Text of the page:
Reliability Principle in Accounting: Definition | Example | Explanation


Reliability Principle is the accounting principle that concern about the reliability of financial information that records and present in the entity’s financial statements.

The principle of the reliability principle is that the transactions or event could records and present in the entity’s financial statements only if they could be verified with the reliable objective evidence.

This accounting concept is quite an importance for the users of financial information. If the information is not reliable, then the decision making will be unlikely correct.

Reliability Principle is also important for the auditor to review the accounting records of the entity during their cause of audit.

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Basically, the information in the financial statements is reliable if that information could be checked, reviewed, and verified by concerning person with objective evidence.

For example, the reliable evidence for financial transactions or event that records in financial statements is including original documents (invoices, contract, receipt, banks statements, etc), information that generates from the third party, or information that prepared by the auditor. This is how reliable evident from auditor’s perspective.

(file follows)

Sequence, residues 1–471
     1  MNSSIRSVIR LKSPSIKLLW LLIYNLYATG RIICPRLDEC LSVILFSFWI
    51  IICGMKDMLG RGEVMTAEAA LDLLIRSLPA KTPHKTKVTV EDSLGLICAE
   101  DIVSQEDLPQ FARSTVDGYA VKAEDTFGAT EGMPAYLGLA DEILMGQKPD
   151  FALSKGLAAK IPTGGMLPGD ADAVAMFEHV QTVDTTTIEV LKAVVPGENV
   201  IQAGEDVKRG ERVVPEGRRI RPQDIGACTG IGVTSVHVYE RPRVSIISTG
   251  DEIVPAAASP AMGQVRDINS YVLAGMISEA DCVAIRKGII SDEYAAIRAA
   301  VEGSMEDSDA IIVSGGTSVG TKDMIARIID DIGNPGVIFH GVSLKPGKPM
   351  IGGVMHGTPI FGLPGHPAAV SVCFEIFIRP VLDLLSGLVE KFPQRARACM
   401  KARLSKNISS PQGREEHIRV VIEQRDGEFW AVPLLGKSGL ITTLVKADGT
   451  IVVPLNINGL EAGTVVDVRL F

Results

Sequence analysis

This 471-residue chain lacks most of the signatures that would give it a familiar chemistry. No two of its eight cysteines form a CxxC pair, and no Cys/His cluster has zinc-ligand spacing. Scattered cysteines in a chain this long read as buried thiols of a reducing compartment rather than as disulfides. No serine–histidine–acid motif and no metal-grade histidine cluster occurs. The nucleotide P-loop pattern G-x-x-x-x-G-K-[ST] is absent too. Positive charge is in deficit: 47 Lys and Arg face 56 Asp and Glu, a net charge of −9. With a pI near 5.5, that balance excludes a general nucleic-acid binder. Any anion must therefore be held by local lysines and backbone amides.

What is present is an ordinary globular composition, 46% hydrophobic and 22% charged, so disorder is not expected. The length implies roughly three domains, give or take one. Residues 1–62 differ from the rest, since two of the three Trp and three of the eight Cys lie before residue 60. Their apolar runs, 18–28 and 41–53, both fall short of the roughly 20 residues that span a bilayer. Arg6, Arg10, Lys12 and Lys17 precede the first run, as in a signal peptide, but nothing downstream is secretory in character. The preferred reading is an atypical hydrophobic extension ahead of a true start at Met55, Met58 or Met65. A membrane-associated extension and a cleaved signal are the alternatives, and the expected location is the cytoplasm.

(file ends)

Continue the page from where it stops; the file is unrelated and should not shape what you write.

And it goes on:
Reliability Principle motivates integrity over financial reporting of an entity. Financial Statements must be true and fair and it is free from any kind of bias. This is really mean for all type of stakeholders that use financial information.

The accounting transaction is considered to be reliable if it could assure the decision maker that the information captures the condition or events its purports to represent.

Reliability Principle involved with the following accounting principle or concept:

  • Neutrality: Financial statements or information must be prepared free from any bias
  • Fair presentation: Financial statements must be prepared in the true and fair view
  • Prudence: A high degree of caution must be taken into account when the assumption is required.
  • Completeness: All financial information, transactions, and event that should be included are including.
  • Accurate: Financial information must be completed and accurate.
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How to know if financial information is reliable?

The data or information is reliable unless it is able to verify by the third party, and it could be measured in a systematic manner.

Here are the key factors to consider if the accounting transactions are reliable:

  • Must be accurate: that means the information is support by reliable evidence like original invoice or contract. It must be able to check by the third party.
  • Free from bias: information is free from any kind of bias. It is present as it is.
  • Report what actually happens. The financial information must be recording what really happened. For example, if the entity got a penalty from the government amount approximately 500,000 USD. The entity should record this amount and disclose it properly in the financial statements. The users of financial information should be able to know what really happened in the entity if they use this information.
  • An individual would have arrived a similar conclusion if they are using the same information.
  • Be able to inspect by the third party. It means if an individual use the same accounting information, they will arrive the same or similar conclusion.


In Reliability Principle, information:

  • Must be accurate
  • Free from bias
  • Report what happened
  • Be able to inspect
  • Can be concluded to a similar conclusion by different users